The open future of banking
By Gavin Starks and Peter Wells
The UK has the opportunity to lead the world in open innovation in banking. It can help shape and set standards for the future of digital banking that will make the most of the web of data to deliver customer value, create new products and services, and drive huge efficiency savings in banks. Far more significant than any one technology, such as blockchain, is the fact that the future of banking is ‘open’.
The Open Banking Working Group published a framework for open banking at the end of 2015. The Competition and Markets Authority has provisionally agreed with the recommendations, in fact it’s asked for them to be delivered faster.
The Open Banking Standard sets out how to develop an openly accessible set of standards, tools, techniques and processes around opening and sharing this data that will help improve competition and efficiency, as well as stimulate innovation across the sector. This innovation will help customers look for a mortgage more easily, help banks to find customers matched to a new product, and help businesses to share data with their accountants. The uses will not be limited to the UK retail banking sector. People have talked about using the data in the UK’s identity framework, GOV.UK Verify, or to help people who move country to get a new banking account and rent a flat.
This is a huge opportunity. Other sectors such as agriculture, transport and sport are already opening up whilst there is also excitement from the pensions and insurance industries and countries across the globe. An open data infrastructure will help these sectors connect together so that they can learn lessons from each other. It will help link up the data so that customers could choose to allow organisations from multiple different sectors access to their data using similar standards and processes. This will create a huge upsurge in innovative services for customers.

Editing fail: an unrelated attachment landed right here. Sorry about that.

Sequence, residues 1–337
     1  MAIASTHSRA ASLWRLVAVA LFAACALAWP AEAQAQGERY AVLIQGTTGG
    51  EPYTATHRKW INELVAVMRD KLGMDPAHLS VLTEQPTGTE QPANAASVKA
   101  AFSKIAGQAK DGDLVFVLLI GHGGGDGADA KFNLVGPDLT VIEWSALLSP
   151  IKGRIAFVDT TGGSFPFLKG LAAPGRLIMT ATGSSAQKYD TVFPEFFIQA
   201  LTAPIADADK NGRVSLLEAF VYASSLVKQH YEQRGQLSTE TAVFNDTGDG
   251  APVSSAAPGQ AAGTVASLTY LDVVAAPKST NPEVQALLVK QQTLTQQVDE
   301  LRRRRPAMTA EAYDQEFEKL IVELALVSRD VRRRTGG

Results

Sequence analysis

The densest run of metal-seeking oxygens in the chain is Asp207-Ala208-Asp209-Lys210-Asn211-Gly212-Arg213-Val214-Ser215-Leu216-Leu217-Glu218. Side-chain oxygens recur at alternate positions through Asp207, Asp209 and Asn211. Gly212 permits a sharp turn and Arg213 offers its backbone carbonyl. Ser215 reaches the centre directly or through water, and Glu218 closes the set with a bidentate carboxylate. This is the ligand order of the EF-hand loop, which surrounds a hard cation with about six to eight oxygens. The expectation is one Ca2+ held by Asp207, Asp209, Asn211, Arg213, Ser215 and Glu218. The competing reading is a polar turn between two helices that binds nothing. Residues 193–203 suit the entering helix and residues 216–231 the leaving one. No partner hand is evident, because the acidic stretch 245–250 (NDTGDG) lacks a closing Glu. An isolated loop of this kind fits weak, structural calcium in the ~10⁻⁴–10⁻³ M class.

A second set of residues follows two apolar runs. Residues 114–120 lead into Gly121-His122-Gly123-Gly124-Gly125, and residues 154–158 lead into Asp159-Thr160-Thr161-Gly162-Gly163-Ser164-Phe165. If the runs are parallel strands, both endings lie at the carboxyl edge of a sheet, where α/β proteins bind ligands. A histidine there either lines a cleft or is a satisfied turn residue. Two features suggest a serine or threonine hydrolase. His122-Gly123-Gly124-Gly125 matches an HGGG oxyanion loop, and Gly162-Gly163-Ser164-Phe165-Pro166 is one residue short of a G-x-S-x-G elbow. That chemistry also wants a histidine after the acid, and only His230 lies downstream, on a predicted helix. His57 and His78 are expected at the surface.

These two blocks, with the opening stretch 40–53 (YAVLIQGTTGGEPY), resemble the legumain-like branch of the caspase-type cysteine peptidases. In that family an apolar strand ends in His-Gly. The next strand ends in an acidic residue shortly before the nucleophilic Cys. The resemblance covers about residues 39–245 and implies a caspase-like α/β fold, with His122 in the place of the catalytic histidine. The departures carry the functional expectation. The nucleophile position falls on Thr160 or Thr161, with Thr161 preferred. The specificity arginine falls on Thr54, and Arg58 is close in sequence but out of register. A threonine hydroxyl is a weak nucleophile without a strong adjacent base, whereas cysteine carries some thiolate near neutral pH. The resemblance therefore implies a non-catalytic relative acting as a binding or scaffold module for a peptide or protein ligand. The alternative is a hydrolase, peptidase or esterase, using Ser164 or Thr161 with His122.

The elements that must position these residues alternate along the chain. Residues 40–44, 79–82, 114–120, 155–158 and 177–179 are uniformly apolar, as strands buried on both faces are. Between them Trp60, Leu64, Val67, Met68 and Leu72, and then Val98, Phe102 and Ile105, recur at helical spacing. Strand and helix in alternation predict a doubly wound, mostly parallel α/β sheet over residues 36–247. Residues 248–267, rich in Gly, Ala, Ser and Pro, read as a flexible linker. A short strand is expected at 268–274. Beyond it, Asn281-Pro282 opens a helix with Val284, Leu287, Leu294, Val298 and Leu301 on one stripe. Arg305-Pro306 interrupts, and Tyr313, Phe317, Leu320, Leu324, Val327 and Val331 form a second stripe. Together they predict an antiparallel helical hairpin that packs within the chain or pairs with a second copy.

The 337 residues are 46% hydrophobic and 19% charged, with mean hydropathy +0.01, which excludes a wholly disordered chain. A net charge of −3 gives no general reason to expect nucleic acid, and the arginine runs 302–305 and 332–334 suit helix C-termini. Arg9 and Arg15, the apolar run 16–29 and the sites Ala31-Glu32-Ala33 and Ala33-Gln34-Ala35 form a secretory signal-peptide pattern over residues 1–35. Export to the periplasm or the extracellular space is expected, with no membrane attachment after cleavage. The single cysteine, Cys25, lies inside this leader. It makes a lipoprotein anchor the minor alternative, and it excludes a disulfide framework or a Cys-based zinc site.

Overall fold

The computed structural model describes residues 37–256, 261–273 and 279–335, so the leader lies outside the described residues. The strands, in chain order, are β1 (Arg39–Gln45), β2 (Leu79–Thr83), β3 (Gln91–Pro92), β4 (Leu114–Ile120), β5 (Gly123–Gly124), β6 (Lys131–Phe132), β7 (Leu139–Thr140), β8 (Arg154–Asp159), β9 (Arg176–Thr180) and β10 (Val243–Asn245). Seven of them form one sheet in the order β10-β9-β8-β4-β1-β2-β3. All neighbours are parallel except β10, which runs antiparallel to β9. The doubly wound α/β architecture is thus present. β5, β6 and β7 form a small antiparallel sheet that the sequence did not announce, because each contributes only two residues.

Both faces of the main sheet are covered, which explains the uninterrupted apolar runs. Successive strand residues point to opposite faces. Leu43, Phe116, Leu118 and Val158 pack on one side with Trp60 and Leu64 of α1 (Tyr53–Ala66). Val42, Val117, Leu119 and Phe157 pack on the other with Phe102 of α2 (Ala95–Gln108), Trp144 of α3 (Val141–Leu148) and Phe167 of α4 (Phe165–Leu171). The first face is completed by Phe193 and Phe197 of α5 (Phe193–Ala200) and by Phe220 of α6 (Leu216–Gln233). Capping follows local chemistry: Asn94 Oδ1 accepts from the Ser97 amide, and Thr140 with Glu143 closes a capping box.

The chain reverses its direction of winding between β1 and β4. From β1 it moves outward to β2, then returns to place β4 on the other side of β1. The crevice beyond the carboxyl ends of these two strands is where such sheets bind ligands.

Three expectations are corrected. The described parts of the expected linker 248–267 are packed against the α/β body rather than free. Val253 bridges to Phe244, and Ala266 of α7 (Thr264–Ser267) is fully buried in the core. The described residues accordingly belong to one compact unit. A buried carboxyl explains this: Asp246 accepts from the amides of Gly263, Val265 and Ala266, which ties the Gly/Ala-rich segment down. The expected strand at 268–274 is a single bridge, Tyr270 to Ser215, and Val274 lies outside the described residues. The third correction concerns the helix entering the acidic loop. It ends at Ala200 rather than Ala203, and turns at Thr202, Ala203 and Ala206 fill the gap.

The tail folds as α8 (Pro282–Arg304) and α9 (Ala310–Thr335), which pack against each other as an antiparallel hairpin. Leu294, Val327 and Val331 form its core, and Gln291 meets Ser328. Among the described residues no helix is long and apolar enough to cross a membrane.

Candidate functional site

But whilst there are opportunities for everyone we also know that every organisation is faced with dilemmas and difficult questions. What if other organisations don’t comply with the standard? Is there a risk with going first? How do we build a business case for something so disruptive? We risk thinking that every organisation needs to move at the same pace. This is wrong.
Only a few people from each part of the ecosystem need to make the choice to create change. Once momentum builds up then others will have to follow. The first movers will have a unique opportunity to shape the new system to make sure it works for them.
These first movements may be led by those with the deepest pockets – whether it be existing large organisations or well-funded startups – but the change is unavoidable. Technology and the web has brought disruption to many sectors, it is inevitable that it will come to banking.
When thinking about the future of banking, we have to consider what it means for the different parts of the banking ecosystem. Each part – whether it be regulators, incumbent banks, challenger banks, fintech companies, data aggregators or consumer associations – will have to consider their business models.